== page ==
A radiologist studies an image from a magnetic resonance imaging (MRI) scanner at the Ambroise Pare hospital in Marseille, southern France, April 8, 2008. REUTERS

The GE Health Cloud may soon become a reality, enabling doctors to place their patients’ medical records in a special cloud-based place, to be created exclusively for the purpose. This would mean no more repetition of expensive and time-consuming medical tests for a patient at different medical centers.

"The holy grail of medical informatics right now is to have a cloud-based place where patients' info can live," Dr Alexander Baxter, an assistant professor of radiology at NYU, has been quoted as telling the Fast Company magazine.

The GE Health Cloud service will connect medical devices in such a way that patient data and records will be processed and available for viewing online, anywhere in the world. The Health Cloud, expected to be launched in late spring of 2016 with 500,000 GE machines, is said to meet the stringent US HIPAA privacy standards, eliminating any privacy concerns.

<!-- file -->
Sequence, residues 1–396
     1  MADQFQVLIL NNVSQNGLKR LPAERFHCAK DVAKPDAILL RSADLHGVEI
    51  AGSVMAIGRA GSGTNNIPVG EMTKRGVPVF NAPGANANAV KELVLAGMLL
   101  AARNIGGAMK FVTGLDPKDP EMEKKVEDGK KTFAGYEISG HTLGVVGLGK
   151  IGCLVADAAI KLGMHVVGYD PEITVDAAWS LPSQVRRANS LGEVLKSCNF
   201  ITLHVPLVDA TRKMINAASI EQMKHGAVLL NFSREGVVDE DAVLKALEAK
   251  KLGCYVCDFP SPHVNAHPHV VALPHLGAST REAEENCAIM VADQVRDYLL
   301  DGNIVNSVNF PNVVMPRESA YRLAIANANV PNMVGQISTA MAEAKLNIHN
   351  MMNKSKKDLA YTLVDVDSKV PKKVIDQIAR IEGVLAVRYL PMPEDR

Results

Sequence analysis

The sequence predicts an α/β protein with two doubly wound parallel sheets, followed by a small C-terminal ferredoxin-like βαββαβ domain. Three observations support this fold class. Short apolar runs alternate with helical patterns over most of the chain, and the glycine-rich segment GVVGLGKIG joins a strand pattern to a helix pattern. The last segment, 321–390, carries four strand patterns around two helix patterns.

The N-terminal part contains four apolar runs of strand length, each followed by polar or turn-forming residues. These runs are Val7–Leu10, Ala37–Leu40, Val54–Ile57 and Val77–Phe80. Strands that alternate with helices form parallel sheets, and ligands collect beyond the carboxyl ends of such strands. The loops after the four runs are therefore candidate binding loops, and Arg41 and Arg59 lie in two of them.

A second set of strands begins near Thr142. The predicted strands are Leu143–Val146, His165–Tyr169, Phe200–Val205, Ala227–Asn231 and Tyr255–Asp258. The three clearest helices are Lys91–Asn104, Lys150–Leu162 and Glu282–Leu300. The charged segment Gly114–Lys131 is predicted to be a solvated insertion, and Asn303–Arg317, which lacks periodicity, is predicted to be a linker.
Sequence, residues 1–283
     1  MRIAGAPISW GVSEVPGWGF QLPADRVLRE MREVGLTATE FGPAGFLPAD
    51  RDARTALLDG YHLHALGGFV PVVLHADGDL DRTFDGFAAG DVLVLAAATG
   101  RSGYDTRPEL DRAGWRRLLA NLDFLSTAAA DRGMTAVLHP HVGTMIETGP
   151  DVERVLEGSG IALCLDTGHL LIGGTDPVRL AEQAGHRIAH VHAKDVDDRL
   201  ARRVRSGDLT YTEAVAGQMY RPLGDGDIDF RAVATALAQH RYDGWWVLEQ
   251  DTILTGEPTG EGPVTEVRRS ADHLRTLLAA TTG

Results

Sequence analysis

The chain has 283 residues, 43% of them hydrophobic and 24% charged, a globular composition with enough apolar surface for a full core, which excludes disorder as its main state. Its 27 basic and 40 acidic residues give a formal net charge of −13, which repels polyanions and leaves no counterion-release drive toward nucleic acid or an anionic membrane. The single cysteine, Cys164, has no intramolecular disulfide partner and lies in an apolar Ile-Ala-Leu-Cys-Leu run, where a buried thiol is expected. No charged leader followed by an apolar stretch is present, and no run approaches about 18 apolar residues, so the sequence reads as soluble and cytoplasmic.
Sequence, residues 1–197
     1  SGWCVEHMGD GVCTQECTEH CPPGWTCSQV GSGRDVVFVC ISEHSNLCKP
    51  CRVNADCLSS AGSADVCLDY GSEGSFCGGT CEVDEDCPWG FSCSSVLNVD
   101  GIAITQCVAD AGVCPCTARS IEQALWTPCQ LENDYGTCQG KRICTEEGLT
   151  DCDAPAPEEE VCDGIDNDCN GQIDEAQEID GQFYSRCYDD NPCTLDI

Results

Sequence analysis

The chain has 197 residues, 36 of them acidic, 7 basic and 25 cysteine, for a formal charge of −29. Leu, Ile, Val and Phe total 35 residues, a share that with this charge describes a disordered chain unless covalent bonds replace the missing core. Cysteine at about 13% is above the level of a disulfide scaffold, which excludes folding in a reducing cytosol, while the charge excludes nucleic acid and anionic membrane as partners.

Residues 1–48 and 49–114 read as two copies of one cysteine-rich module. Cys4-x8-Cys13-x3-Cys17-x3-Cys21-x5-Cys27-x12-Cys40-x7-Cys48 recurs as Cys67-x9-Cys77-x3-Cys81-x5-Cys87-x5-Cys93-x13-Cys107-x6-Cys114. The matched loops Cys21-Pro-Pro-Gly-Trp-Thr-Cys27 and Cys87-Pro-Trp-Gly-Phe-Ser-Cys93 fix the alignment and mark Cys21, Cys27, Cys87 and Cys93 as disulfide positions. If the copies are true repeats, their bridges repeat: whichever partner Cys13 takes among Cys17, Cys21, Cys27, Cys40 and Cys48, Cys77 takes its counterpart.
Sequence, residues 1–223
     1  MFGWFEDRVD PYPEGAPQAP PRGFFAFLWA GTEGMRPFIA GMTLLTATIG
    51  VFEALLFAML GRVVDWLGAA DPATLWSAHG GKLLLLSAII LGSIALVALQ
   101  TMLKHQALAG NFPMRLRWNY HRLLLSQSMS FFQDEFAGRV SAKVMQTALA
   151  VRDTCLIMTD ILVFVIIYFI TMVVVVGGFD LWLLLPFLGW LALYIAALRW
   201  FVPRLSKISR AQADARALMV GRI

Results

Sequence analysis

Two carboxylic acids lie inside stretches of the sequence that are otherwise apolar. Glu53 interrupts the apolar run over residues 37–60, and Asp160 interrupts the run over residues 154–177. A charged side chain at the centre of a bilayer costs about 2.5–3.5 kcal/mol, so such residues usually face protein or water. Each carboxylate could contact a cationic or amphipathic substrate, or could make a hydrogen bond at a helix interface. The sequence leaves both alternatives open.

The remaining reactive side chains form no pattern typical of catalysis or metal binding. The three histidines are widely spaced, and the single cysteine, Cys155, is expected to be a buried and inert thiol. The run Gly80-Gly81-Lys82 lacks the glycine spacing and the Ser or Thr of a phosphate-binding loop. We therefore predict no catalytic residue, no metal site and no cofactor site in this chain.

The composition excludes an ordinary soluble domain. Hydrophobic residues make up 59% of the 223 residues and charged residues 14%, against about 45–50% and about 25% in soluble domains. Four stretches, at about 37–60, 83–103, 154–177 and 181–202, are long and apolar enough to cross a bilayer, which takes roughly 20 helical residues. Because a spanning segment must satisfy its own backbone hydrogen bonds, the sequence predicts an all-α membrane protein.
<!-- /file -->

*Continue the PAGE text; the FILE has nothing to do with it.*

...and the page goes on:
The service, set to cover radiology devices like CT, MRI scanners and ultrasound in the first phase, will later be expanded to cover other healthcare facilities, said GE Healthcare IT President and CEO Jan de Witte. According to Witte, though Health Cloud is the first industry-specific project based on GE’s new Predix Cloud, it is not restricted to GE devices.

Research firm MarketsandMarkets says the global healthcare computing market is estimated to touch US$9.48 billion by 2020 – a growth rate of 20 percent over 2015, reports Healthcare Informatics magazine.

The magazine cites various surveys to note that patient care organisations in the US are increasingly adopting health information technology, of which the Cloud is emerging an integral part.

Under the proposed GE Health Cloud system, medical centres would have the option of paying per item or subscribing to a volume of activities such as the number of scans uploaded in a month.

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